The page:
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Windows does almost all looping through FOR Loops. They are extremely powerful and if you've not mastered them, you should. Even from the command-line they can save you hours of typing. For loops come in several sizes:
- Loops through lists (A B C D E...)
- Loops through boundaries (1, 1, 10) (start, increment, end)
- Loops through lines of a file ("filename")
- Loops through results of a command ('some command that returns a line of output')
- Loops through a group of files (*.ext)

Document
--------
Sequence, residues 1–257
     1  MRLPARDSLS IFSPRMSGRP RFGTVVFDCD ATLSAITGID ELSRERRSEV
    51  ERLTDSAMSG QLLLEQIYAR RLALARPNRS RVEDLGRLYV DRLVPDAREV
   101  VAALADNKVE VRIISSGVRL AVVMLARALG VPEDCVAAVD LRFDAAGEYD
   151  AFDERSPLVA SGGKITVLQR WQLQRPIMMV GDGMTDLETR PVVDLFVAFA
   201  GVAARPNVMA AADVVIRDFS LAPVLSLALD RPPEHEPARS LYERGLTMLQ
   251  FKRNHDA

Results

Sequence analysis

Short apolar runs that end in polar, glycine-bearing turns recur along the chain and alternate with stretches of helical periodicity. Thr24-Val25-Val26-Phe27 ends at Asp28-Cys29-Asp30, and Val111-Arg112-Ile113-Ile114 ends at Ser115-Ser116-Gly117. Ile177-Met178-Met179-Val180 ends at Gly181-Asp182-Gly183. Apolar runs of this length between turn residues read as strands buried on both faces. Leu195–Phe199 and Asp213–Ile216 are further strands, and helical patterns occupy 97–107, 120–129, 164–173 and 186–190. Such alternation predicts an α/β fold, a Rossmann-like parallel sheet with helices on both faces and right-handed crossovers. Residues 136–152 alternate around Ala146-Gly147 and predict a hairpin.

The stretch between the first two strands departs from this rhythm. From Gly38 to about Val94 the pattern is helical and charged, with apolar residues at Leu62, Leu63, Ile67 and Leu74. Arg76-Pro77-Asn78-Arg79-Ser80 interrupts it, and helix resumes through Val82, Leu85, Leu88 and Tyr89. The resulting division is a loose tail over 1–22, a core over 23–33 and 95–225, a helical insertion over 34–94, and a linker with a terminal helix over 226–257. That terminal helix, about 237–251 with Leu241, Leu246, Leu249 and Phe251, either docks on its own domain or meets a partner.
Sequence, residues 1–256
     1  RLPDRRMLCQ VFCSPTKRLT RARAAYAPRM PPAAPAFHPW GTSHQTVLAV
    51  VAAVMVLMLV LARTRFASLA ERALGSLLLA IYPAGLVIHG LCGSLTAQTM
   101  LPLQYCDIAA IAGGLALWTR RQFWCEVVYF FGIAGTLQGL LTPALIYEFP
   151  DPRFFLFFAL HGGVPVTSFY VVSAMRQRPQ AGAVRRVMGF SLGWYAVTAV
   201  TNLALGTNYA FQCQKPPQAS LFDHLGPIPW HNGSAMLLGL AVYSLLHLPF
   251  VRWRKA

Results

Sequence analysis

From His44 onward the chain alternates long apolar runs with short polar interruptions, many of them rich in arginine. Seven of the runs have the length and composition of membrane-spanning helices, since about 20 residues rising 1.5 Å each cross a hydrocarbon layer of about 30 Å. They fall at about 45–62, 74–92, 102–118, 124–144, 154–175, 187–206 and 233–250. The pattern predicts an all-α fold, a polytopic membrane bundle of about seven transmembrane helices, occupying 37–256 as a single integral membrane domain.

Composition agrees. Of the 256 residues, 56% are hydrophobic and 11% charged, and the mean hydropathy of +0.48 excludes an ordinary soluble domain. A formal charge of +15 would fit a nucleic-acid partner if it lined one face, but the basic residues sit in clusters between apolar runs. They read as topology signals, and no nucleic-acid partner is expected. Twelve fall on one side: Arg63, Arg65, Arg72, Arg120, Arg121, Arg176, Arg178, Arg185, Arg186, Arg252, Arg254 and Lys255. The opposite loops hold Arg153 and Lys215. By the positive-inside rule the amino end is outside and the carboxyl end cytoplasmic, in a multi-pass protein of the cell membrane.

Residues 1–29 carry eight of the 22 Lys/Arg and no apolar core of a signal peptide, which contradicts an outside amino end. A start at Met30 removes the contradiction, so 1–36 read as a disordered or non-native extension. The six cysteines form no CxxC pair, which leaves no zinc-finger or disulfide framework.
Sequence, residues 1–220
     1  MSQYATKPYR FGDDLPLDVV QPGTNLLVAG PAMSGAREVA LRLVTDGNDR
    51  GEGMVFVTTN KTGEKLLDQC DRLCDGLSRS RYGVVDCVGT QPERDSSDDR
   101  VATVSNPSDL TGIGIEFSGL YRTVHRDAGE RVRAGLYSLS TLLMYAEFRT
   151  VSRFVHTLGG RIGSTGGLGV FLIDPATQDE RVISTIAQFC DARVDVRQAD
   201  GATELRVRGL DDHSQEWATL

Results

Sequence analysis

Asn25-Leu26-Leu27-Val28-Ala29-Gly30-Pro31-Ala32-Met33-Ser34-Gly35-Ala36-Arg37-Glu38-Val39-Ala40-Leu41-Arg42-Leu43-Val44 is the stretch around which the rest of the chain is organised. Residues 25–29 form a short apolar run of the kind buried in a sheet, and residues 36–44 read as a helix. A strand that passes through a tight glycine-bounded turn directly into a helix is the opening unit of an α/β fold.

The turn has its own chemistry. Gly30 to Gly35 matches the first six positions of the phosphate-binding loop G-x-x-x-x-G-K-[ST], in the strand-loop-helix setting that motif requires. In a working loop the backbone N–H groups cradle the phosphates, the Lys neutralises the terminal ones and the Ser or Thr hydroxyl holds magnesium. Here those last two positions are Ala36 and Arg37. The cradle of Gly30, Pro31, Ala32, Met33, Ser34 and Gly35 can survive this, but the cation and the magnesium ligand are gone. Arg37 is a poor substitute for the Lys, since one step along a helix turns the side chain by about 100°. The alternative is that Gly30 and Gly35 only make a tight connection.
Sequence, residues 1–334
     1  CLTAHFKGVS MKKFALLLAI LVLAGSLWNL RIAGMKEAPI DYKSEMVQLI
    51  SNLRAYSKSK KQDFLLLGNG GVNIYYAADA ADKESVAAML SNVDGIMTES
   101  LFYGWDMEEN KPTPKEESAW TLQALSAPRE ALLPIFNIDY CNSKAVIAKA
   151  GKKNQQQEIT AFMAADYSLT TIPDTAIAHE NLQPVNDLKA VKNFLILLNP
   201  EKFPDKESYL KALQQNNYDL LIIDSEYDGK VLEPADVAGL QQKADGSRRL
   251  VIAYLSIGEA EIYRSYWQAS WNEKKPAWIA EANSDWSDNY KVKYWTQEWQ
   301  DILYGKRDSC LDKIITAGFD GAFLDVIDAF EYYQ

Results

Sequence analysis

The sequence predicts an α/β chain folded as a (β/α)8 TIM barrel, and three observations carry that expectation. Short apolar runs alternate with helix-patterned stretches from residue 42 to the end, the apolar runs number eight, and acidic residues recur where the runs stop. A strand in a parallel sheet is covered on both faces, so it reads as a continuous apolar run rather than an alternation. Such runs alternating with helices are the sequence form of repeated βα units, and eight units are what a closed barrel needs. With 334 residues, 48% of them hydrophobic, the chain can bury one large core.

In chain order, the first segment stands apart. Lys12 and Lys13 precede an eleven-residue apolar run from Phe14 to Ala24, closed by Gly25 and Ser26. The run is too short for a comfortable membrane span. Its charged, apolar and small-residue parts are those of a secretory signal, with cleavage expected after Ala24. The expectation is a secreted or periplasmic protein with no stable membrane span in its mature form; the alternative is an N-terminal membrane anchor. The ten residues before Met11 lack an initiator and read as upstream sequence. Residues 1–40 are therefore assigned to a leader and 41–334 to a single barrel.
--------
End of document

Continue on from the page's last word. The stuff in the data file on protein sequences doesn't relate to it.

Perhaps the simplist loop is the loop through a list. The list is specified in parens and the For command substitutes each in turn.
REM TESTLOOP1.CMD FOR %%a in (this that theother) do @echo %%a
C:\WABS>TESTLOOP1.CMD this this theother
In this loop you specify the boundaries within the parens (start, step and stop). Steps may be negative and the stop can be less than the start.
REM TESTLOOP2.CMD FOR /L %%a in (10,-2,0) do @echo %%a
C:\WABS>TESTLOOP2.CMD 10 8 6 2 0
One of the more useful uses of For loops is the ability to iterate through the lines of a file. For /F will accomplish this.
REM TESTLOOP4.CMD FOR /F %%a in (testfile.txt) do @echo Line:%%a